Student Loan Interest Rates Will Go Up More Than 1% in June — Will There Be Any Relief for Borrowers?

Group of casual groupmates discussing their thoughts about working over home task for next lesson.
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With the President Biden-mandated federal student loan moratorium in place until the end of August — and no movement on the broader loan forgiveness front — it has been announced that interest rates for new student loans will increase in July.

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On May 11, the Treasury Department announced new interest rates for federal student loans — a rate increase that will go into effect starting July 1, 2022, as part of the Treasury’s efforts to fight inflation. This announcement comes after the Federal Reserve hiked interest rates last week to a range of 0.75% to 1%, the largest increase in over 20 years. 

For existing borrowers, the interest rate increase does not apply. For any new loans disbursed on or after July 1, 2022, the higher rates will go into effect.

The new rates affect these three types of federal student loans:

  • Federal Stafford loans for undergraduates: 4.99%, up from 3.73%.
  • Federal Stafford unsubsidized loans for graduates and professionals: 6.54%, up from 5.28%.
  • Federal PLUS loans for parents and graduate or professional students: 7.54%, up from 6.28%.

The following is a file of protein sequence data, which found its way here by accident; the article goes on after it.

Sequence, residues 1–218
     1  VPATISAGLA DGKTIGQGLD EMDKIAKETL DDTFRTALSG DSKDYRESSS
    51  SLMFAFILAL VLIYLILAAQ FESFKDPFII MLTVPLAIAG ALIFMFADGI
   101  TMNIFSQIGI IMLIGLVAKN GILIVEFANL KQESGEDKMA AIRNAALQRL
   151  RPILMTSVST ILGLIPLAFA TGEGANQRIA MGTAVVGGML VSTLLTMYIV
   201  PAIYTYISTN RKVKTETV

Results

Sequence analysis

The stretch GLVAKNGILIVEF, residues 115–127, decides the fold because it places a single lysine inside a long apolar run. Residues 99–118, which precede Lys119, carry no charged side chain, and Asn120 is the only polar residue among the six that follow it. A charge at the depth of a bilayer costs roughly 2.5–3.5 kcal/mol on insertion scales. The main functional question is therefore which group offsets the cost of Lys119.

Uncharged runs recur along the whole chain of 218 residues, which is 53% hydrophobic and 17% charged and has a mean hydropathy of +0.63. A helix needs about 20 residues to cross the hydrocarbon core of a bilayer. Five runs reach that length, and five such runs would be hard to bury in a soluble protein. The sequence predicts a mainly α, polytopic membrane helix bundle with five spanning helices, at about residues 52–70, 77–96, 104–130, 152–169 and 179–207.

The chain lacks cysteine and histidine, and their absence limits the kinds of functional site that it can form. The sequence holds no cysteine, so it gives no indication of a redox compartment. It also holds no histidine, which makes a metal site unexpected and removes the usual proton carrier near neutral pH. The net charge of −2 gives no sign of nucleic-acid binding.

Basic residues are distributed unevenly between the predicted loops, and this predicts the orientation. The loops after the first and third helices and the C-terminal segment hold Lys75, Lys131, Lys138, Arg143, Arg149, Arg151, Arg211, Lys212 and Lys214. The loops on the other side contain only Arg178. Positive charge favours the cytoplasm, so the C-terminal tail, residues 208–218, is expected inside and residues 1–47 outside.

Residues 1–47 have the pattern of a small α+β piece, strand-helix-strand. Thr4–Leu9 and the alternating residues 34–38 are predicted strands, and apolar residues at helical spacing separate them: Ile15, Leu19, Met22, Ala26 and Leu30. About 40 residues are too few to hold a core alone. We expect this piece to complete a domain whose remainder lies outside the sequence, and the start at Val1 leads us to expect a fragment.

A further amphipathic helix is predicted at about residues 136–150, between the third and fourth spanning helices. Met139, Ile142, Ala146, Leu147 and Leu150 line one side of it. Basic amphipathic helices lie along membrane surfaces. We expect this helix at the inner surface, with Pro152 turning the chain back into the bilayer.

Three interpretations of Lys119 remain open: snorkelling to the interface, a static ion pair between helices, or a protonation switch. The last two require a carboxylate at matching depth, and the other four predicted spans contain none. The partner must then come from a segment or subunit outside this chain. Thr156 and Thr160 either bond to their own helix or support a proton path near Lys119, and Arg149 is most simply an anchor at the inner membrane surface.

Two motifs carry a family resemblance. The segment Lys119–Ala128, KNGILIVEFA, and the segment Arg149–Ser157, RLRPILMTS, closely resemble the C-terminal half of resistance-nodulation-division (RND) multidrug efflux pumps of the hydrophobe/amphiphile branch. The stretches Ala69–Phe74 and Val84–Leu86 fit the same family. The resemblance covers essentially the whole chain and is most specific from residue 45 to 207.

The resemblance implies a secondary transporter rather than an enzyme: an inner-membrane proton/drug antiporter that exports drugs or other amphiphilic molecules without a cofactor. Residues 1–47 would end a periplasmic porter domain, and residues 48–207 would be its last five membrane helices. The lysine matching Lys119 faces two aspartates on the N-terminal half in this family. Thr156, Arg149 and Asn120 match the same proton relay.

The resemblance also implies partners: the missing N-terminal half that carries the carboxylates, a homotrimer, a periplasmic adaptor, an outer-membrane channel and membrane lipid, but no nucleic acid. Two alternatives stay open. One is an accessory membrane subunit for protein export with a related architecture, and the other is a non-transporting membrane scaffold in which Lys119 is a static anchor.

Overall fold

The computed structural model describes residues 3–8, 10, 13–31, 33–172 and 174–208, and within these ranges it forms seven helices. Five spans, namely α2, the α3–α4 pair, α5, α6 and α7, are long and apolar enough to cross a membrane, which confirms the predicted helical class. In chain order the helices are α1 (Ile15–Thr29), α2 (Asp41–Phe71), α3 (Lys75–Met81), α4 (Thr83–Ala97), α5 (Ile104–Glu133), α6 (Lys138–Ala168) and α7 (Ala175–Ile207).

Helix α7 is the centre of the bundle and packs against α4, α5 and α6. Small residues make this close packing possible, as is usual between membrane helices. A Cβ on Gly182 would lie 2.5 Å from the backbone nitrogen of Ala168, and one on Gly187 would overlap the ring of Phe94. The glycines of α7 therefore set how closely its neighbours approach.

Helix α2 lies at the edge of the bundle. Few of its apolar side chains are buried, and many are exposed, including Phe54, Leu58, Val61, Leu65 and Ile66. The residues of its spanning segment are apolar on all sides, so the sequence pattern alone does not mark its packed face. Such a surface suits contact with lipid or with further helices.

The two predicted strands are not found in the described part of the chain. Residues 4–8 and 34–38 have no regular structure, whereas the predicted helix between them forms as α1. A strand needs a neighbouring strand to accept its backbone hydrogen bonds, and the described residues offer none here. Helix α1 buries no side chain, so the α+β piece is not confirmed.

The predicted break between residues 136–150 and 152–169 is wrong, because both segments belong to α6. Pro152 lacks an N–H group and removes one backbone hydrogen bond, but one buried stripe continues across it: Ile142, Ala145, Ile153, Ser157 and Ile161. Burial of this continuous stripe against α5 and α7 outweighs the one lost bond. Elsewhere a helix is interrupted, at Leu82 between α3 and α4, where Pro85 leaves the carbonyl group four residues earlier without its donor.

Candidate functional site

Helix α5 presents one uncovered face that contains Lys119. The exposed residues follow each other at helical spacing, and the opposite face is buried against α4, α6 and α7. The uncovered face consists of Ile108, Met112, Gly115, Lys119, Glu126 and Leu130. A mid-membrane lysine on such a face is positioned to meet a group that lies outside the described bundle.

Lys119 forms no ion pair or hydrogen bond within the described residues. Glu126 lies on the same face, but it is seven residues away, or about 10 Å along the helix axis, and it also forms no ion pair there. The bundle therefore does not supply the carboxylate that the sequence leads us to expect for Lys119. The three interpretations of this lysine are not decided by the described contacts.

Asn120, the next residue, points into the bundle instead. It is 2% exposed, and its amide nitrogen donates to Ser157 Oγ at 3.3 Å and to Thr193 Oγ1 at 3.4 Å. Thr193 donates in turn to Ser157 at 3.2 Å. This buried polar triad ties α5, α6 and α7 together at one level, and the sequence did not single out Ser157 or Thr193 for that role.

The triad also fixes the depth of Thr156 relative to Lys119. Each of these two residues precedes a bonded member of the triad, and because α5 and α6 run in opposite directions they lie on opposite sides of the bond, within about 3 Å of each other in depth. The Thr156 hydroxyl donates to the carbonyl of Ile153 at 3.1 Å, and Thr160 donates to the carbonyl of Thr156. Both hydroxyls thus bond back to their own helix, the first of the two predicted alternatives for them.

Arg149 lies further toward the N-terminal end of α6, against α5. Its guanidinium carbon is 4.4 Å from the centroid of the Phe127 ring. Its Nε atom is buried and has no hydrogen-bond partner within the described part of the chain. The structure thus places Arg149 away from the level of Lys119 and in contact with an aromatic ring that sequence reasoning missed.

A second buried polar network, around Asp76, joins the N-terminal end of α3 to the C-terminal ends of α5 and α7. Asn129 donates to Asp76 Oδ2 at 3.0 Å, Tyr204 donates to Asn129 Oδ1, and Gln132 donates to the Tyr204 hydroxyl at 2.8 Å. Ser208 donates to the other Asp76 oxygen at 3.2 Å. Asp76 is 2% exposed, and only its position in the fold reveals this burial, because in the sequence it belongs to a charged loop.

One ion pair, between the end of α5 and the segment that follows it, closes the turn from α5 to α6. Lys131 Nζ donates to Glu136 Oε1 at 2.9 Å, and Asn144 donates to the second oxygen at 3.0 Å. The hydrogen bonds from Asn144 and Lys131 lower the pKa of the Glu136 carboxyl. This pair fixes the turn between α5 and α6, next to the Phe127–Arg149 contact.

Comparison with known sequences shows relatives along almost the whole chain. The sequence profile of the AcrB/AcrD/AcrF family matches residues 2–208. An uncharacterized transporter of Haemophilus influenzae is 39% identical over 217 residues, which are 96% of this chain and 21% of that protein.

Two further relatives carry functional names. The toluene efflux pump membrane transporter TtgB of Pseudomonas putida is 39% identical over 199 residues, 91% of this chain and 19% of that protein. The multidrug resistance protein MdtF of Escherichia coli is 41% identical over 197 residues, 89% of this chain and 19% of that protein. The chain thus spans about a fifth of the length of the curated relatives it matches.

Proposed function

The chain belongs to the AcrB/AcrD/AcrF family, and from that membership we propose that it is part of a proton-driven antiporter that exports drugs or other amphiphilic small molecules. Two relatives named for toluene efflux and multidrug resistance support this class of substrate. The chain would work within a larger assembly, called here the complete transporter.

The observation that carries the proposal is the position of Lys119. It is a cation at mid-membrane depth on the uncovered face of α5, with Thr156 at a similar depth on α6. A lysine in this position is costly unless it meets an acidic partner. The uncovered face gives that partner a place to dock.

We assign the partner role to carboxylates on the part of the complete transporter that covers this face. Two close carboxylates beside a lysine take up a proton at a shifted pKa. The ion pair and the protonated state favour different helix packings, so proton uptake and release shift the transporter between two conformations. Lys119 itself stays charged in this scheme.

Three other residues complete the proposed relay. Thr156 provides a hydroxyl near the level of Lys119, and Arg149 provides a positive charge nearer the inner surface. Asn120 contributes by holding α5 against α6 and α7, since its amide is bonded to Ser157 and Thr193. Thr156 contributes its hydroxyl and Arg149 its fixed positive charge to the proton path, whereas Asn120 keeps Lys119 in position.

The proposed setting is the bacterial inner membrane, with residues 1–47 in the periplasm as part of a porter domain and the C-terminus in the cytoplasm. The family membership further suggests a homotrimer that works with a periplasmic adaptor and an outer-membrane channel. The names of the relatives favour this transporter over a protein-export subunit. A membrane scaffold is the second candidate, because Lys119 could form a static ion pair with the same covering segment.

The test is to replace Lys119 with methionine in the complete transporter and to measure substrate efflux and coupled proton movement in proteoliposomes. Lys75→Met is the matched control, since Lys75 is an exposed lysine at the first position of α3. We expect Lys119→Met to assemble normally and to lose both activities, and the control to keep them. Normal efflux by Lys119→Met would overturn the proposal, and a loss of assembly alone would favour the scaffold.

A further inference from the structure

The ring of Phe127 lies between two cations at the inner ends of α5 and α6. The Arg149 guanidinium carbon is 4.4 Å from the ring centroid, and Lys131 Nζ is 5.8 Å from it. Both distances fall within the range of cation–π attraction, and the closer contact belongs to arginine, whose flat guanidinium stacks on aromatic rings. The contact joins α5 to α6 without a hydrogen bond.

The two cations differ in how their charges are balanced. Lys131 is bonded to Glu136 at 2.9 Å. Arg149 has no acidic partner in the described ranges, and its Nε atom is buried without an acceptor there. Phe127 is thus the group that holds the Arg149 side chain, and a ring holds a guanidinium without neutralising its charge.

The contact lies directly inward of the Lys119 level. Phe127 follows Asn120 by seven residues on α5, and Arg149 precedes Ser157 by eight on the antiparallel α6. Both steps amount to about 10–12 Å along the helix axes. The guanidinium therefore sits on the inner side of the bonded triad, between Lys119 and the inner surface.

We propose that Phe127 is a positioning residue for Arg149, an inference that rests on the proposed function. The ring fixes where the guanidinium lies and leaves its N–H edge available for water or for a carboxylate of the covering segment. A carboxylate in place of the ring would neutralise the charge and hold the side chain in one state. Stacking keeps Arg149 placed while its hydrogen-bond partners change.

These hikes by the Treasury are unrelated to any policies surrounding student loan relief. Every May, new fixed interest rates are set for the upcoming academic year.

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Even small interest rate bumps can make a difference in repayment costs. During a 10-year repayment period, a new borrower should expect to pay an additional $252 in annually accruing interest — and additional $1,400 in additional interest — on an original $20,000 loan, given the new rate changes, per Forbes.

At the beginning of April, President Biden officially extended the student loan payment moratorium until Aug. 31, claiming the extension “will help Americans breathe a little easier as we recover and rebuild a little from the pandemic.”

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Interest rates on all government-held federal student loans will revert to their original fixed rates in September unless the Biden administration further extends loan relief — or eliminates part (or all) of existing student loan debt altogether. The president has stated that a decision regarding this matter will come in the next few weeks.

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About the Author

David Nadelle is a freelance editor and writer based in Ottawa, Canada. After working in the energy industry for 18 years, he decided to change careers in 2016 and concentrate full-time on all aspects of writing. He recently completed a technical communication diploma and holds previous university degrees in journalism, sociology and criminology. David has covered a wide variety of financial and lifestyle topics for numerous publications and has experience copywriting for the retail industry.

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